HEU presses health employers on plans to consolidate health services in Lower Mainland

Lack of targets and timelines indicate that province’s budget ultimatum – rather than sound planning – are behind “rush job” on consolidation

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The Hospital Employees’ Union says that an announcement by Lower Mainland health authorities to consolidate dozens of critical health support services is a “rush job” driven by provincial budget politics that will be a costly failure for patients and the public.

And the union is urging health employers to adopt a longer term planning perspective that includes consulting with the front-line staff who actually deliver the services in question.

This morning, the Provincial Health Services, Vancouver Coastal and Fraser Health authorities informed staff and their unions that they are looking at 25 different service areas in which to consolidate services in an effort to cut costs.

These areas include a wide range of services essential to quality patient care, including medical records, transcription, equipment sterilization, payroll, lab and pharmacy, diagnostic imaging, patient portering, information technology, and other areas.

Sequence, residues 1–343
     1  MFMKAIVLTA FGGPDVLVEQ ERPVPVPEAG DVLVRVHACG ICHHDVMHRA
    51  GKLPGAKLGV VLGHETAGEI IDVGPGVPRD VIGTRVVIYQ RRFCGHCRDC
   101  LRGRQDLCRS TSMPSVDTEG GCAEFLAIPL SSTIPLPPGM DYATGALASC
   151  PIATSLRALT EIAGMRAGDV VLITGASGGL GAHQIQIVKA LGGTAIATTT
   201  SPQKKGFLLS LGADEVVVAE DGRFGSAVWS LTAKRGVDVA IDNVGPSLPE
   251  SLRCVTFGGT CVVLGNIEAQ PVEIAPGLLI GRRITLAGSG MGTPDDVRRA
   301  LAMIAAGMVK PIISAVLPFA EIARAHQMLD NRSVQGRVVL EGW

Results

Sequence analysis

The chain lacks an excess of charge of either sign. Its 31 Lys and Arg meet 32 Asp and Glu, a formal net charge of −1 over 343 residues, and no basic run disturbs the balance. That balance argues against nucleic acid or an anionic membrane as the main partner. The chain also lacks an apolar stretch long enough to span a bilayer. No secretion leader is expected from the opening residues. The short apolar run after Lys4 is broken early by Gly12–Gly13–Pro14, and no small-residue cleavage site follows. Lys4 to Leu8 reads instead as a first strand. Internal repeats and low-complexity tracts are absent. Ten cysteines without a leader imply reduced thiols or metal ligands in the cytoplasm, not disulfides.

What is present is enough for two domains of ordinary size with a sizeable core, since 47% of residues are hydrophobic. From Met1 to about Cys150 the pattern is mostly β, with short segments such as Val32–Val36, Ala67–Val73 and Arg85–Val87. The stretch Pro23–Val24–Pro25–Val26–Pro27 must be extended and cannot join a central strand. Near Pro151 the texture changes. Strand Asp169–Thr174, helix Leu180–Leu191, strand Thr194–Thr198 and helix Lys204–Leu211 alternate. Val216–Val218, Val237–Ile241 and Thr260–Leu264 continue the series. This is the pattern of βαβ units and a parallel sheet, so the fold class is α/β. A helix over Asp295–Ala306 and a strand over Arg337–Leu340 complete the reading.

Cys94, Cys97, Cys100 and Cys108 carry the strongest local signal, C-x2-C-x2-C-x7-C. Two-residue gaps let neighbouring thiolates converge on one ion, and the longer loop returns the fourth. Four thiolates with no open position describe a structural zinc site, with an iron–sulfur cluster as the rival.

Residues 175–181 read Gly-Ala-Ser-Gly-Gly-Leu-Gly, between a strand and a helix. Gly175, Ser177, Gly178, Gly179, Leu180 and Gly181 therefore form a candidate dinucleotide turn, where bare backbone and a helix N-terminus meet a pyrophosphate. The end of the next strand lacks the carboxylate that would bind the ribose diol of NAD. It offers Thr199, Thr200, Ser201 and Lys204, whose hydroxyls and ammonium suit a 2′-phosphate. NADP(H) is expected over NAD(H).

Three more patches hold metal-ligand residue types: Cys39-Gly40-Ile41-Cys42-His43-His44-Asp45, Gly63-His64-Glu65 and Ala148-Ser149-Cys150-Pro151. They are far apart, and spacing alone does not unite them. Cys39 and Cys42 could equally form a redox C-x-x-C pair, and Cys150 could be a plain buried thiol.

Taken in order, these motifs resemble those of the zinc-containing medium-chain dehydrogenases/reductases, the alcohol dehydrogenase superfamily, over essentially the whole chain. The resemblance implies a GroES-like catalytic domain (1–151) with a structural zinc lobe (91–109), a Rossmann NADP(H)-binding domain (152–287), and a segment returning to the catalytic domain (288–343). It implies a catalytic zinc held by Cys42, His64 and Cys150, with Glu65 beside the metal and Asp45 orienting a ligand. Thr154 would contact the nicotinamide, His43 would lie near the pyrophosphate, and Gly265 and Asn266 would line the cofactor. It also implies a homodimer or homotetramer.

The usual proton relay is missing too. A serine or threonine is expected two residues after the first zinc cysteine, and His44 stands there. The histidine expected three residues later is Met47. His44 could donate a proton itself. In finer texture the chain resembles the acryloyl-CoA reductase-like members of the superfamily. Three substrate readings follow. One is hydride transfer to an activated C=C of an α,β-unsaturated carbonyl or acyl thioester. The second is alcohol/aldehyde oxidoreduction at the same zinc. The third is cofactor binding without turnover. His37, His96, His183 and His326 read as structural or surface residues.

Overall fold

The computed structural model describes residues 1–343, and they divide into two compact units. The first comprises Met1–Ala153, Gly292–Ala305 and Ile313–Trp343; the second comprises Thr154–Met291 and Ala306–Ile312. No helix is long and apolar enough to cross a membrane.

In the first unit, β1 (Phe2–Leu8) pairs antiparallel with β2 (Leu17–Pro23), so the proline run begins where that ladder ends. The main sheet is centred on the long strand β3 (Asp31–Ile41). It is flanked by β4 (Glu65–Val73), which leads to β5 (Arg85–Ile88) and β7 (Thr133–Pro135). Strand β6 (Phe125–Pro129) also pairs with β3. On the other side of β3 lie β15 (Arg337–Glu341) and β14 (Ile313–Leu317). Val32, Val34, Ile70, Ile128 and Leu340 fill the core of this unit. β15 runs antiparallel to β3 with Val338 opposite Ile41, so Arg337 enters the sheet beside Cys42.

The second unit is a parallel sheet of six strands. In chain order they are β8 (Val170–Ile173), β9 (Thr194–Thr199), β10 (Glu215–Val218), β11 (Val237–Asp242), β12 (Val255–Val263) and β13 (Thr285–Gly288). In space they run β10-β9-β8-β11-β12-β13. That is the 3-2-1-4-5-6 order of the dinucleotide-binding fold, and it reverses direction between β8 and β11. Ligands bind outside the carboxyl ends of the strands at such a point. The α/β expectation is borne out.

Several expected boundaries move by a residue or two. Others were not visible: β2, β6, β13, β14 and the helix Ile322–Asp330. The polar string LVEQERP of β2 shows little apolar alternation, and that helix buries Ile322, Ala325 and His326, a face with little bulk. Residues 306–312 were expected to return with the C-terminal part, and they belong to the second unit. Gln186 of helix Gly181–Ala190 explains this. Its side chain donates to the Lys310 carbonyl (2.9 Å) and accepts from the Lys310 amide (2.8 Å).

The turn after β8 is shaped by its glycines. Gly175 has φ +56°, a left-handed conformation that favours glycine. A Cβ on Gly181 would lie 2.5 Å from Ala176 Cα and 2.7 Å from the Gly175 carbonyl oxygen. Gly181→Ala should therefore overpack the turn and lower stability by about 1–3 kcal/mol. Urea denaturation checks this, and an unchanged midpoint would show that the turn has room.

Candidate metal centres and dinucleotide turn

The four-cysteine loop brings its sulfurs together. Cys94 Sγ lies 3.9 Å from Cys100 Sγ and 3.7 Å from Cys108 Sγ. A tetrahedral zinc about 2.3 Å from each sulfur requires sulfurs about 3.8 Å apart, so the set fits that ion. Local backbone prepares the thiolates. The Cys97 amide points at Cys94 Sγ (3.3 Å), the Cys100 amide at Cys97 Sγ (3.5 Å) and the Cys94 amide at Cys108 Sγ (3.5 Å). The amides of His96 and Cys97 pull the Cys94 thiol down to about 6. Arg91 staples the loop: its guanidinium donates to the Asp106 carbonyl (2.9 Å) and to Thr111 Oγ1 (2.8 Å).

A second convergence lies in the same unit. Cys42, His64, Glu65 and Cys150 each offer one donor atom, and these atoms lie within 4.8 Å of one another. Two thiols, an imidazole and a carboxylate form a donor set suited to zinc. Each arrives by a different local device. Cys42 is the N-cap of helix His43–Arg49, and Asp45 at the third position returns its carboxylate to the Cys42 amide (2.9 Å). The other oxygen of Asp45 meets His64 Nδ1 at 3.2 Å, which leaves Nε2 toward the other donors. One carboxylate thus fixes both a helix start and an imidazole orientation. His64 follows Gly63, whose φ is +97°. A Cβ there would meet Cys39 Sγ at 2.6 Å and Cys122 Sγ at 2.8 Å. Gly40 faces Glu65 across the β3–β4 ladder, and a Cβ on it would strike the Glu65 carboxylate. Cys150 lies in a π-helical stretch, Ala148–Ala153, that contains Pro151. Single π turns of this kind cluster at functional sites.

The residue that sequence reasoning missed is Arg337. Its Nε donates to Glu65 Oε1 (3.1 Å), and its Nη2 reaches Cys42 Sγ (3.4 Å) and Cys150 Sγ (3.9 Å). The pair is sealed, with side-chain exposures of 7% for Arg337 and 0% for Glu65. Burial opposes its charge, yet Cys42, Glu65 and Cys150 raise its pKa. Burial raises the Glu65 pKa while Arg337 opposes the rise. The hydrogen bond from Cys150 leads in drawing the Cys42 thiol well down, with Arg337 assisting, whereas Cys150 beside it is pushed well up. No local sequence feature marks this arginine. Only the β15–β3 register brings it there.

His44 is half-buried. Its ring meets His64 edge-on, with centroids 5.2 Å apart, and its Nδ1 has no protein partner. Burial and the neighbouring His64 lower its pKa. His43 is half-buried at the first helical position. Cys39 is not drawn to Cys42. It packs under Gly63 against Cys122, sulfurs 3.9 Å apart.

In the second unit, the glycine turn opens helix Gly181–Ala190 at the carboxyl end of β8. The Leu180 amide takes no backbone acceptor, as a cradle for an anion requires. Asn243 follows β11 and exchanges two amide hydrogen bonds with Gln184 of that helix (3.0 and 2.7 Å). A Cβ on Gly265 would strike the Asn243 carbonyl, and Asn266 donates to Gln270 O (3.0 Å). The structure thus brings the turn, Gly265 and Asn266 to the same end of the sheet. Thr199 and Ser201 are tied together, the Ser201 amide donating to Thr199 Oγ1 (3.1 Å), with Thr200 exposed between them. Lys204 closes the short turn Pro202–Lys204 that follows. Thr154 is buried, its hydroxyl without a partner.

But health employers were not able to provide any timelines, cost-cutting targets or potential job loss numbers.

HEU’s secretary-business manager Judy Darcy says that in a health care system already cut to the bone and operating on massive amounts of overtime, further cuts to front-line services and staff would be a costly mistake.

“The health authorities’ plans are unrealistic and could put patient care at risk,” says Darcy. “Each of the service areas in question are essential to quality patient care and they are already stretched to capacity.

“Consolidation of any of these services requires careful planning. But what I see here is a rush job to meet the province’s short-term budget pressures that is doomed to fail patients and cost taxpayers more in the long run.”

Darcy points out that an ongoing plan to consolidate supply chain services between health authorities has still not been fully implemented even after years of planning.

“For government and their health authorities to suggest that they can come up with a realistic plan to consolidate these services within the current budget year is insincere and reckless,” says Darcy.